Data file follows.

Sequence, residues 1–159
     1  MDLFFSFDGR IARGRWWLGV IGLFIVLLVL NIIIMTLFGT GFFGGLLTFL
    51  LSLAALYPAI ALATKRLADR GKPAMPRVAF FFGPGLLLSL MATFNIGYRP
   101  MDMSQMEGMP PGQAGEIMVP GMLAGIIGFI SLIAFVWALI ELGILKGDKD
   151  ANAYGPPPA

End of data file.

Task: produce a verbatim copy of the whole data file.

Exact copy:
Sequence, residues 1–159
     1  MDLFFSFDGR IARGRWWLGV IGLFIVLLVL NIIIMTLFGT GFFGGLLTFL
    51  LSLAALYPAI ALATKRLADR GKPAMPRVAF FFGPGLLLSL MATFNIGYRP
   101  MDMSQMEGMP PGQAGEIMVP GMLAGIIGFI SLIAFVWALI ELGILKGDKD
   151  ANAYGPPPA